What To Plant Now For Winter Fragrance
Amateur Gardening|November 14, 2020
From winter honeysuckle’s strong scent to the subtle notes of mahonia, your plot can be home to a panopoly of perfumes during the colder months, says Anne Swithinbank
Anne Swithinbank

Having a garden brings year-round pleasures – even in the depths of winter there is something to lift the spirits. Apart from walking the dog, digging leeks or filling the log basket, there’s not an awful lot to lure us out from the cosy comforts of indoors; but some of my favourite flower fragrances belong to plants whose blooms open on the shortest days of the year.

We’re advised to site these near paths and doorways for easy access; yet glimpses of pale pink viburnum blossom, winter honeysuckle and spidery witch hazel draw me to every corner of our plot. Rambling from one to another, inhaling perfume and cutting stems for indoors – it’s the perfect antidote to winter.

Weeks of fragrance

To be sure of pollination when few insects are about, the flowering periods of these plants tend to be long, and individual blooms last well. Deciduous Viburnum farreri and its offspring V. x bodnantense are fine examples, opening blooms from their flower clusters during mild spells from autumn to spring.

The olfactory feast starts with lily of the valley-scented mahonias; midwinter brings the head-turning perfumes of Christmas box, and a mild January encourages buds of Daphne odora ‘Aureomarginata’ to pop open, joined by an abundance of blossom from witch hazels. Wintersweet, edgeworthia and the fuzzy yellow blooms of the box leaf Azara (A. microphylla) appear during February, paving the way for spring.

Most winter scents waft from shrubby plants, and – true to their woodland origins – the majority share a love of humus-rich, well-drained soil and shelter from late frosts, cold winds and harsh sun. Add plenty of leaf mould or well-rotted garden compost to lighter soils; on heavier ones, consider growing In slightly raised beds to protect roots from winter waterlogging.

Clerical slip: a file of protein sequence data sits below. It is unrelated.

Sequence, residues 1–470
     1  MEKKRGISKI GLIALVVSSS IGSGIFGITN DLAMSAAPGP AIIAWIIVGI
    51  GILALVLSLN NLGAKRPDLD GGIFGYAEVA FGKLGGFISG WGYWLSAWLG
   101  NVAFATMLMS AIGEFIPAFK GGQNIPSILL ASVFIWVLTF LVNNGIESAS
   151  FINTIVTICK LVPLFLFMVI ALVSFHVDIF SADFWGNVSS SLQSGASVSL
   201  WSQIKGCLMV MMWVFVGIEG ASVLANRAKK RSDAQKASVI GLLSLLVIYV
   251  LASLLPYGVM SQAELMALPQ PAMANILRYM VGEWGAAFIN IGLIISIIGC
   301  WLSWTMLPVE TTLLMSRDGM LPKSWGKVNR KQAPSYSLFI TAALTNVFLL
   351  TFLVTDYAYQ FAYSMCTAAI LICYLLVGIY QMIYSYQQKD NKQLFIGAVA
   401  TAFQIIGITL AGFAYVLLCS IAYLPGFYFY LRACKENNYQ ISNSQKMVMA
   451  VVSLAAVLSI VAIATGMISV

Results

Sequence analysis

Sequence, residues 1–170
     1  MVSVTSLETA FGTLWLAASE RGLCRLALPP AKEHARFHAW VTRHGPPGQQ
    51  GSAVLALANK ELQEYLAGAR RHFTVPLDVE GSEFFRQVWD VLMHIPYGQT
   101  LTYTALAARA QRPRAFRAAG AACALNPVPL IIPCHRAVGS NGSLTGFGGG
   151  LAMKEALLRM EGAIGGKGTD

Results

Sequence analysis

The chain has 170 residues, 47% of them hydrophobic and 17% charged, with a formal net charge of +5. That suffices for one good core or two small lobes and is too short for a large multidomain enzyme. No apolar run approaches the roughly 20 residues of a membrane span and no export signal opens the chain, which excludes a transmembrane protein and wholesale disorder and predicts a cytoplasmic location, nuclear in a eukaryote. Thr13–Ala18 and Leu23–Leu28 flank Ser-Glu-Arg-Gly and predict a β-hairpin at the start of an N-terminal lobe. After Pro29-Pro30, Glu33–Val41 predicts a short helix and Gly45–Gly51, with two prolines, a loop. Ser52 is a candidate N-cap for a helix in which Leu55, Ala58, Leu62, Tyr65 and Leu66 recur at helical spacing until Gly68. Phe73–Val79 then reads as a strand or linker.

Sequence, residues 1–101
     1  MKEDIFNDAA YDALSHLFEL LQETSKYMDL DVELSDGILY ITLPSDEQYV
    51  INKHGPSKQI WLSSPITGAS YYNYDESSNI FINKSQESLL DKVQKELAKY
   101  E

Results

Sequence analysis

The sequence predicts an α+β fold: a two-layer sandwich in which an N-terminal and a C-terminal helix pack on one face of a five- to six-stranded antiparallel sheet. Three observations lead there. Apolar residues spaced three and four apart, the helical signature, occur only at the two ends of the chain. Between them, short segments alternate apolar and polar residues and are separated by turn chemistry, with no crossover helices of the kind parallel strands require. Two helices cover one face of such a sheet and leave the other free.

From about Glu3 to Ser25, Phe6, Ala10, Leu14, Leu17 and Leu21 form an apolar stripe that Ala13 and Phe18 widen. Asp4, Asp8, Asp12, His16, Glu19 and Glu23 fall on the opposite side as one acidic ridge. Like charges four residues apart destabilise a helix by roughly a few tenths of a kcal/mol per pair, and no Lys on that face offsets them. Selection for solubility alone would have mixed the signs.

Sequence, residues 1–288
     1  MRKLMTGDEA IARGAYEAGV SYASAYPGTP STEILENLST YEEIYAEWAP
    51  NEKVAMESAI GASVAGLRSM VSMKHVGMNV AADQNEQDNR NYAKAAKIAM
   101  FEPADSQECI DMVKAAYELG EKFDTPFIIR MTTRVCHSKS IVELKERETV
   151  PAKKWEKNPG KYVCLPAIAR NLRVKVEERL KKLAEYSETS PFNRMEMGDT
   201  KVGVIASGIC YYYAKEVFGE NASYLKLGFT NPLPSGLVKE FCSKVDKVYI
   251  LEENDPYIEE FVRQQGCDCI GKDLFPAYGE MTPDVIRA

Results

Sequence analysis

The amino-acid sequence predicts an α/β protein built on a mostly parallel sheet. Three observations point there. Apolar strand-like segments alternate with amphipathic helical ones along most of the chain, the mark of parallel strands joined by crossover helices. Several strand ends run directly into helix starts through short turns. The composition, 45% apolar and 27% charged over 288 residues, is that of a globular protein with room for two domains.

Plant them now

You can plant pretty much all of these fragranced favourites now – as long as the soil is well prepared and neither frozen nor wet. One exception is Mediterranean native Coronilla valentina subsp. glauca, the yellow pea-like flowers of which pump out a fruity perfume. Only 3-4ft (1-1.2m) high, it likes sun and well-drained soils, and is best planted in spring.

In smaller courtyard gardens, plant winter scent around the edges, against walls or in containers. Bulbs of snowdrop Galanthus ‘S. Arnott’ and corms of Crocus chrysanthus ‘Snow Bunting’ look lovely in clay pots and pans, which are easily raised to nose level.

6 scented shrubs for borders

Edgeworthia chrysantha ‘Grandiflora’

For many years I grew this deciduous shrub in a nook by my office door and looked forward to the honey – almost buddleja-like – scent that drifted inside from its yellow flower clusters every February. The leaves are rather handsome, too. H&S: 5ft (1½m).

Daphne bholua ‘Jaqueline Postill’ AGM

The evergreen queen of daphnes, whose clusters of pink flowers float their impossibly sweet scent in the cool air during January and February. For good results, position thoughtfully in shelter and plant in humus-rich, moist and well-drained soil. H: 8x5ft (2½x1½m).

Hamamelis x intermedia ‘Pallida’ AGM

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